While not the only reason for adopting EVs, a prominent reason is that we want to make life better for humans, especially humans of the future. Sea level rise inundating coastal cities is bad for humans. Wildfires that burn into suburban areas kill some humans directly, and sicken or kill others with the smoke. Climate change can also make it tough to grow food, and that’s something humans can’t really go without. All of these long-term benefits are on top of the short term benefits of reducing pollution and smog in cities, which is also quite bad for us. We want to avoid all of these things.
Given the important goal of protecting today’s humans and those of the future, it wouldn’t make sense to adopt EVs at the cost of great human tragedy, though.
This leads us to the real question: where do we draw the line on human rights in the EV industry? If we draw that line too close to the ideal of perfection we’d like to all see, no EVs would get built while the rights abuses tied to oil continue unabated. Draw that line too far in the favor of bad people, and we’re just trading one human problem for another.
I don’t claim to know the answer to this, but it’s something we need to think about, and carefully. In this article, I want to cover some of the issues I’ve seen come up in the EV industry and then try to stimulate more discussion on this topic.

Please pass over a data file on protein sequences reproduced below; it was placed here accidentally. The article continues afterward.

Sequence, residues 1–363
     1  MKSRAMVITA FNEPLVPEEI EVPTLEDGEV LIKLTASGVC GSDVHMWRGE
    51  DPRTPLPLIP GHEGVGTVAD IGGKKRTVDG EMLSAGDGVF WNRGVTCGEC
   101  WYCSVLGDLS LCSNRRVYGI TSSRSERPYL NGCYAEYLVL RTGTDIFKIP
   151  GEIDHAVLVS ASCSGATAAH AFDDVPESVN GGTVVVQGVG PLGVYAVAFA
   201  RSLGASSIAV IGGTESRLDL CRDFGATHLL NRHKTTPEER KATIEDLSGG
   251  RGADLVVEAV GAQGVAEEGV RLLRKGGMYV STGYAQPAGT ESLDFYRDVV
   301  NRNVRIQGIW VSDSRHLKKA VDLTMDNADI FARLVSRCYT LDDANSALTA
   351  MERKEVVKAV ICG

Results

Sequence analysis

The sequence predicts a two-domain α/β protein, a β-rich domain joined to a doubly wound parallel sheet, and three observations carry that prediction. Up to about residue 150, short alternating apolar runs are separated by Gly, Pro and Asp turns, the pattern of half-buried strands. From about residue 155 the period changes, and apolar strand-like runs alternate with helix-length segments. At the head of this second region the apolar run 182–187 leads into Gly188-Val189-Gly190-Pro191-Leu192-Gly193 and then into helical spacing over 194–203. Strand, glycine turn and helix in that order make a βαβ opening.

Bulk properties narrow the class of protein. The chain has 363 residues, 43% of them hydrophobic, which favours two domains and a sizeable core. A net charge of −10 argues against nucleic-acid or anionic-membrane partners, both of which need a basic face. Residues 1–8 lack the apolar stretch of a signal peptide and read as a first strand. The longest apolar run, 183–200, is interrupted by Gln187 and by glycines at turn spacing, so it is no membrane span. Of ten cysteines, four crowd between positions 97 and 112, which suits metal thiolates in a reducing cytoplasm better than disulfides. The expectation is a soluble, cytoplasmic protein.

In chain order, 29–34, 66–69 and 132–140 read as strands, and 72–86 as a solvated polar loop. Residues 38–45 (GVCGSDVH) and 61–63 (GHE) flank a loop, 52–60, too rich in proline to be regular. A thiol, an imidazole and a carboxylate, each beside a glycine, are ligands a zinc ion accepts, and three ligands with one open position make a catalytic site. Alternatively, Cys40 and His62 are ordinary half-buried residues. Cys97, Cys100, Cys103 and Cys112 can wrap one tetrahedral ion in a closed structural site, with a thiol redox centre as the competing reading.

Lucid Motors (Plus Other Companies) & Saudi Arabia
Lucid Motors recently got dogpiled on social media after expressing support for the LGBT community, and the dilemma it faces is mostly what inspired this article. Sure, the usual bigots showed up in the comments to express how much they disapprove of the LGBT community, and that they don’t think Lucid should support Pride Month. That’s to be expected whenever any company posts about that, but there were what seemed like an unusual number of people from Saudi Arabia giving them crap about it, and telling them that they are somehow going to get in trouble for flying the rainbow flag.
What I didn’t expect at all was to see was the company getting savaged in the comments by the LGBT community and its supporters as well. It turns out that Lucid is about 2/3 owned by the Saudi government. While the money from their sovereign wealth fund saved the company and greatly increases its chances of success, it’s also illegal to be LGBT in Saudi Arabia. Punishments vary, with foreigners facing deportation and natives facing anything from a whipping to beheading with a sword.
The choice whether to take Saudi money is a tough one, though. The kingdom is working to modernize and invest outside of oil, and they have a lot of wealth to invest in companies like Lucid and Tesla. Companies often can’t find other investors for these sorts of companies, making it their only choice other than throwing in the towel and closing up shop.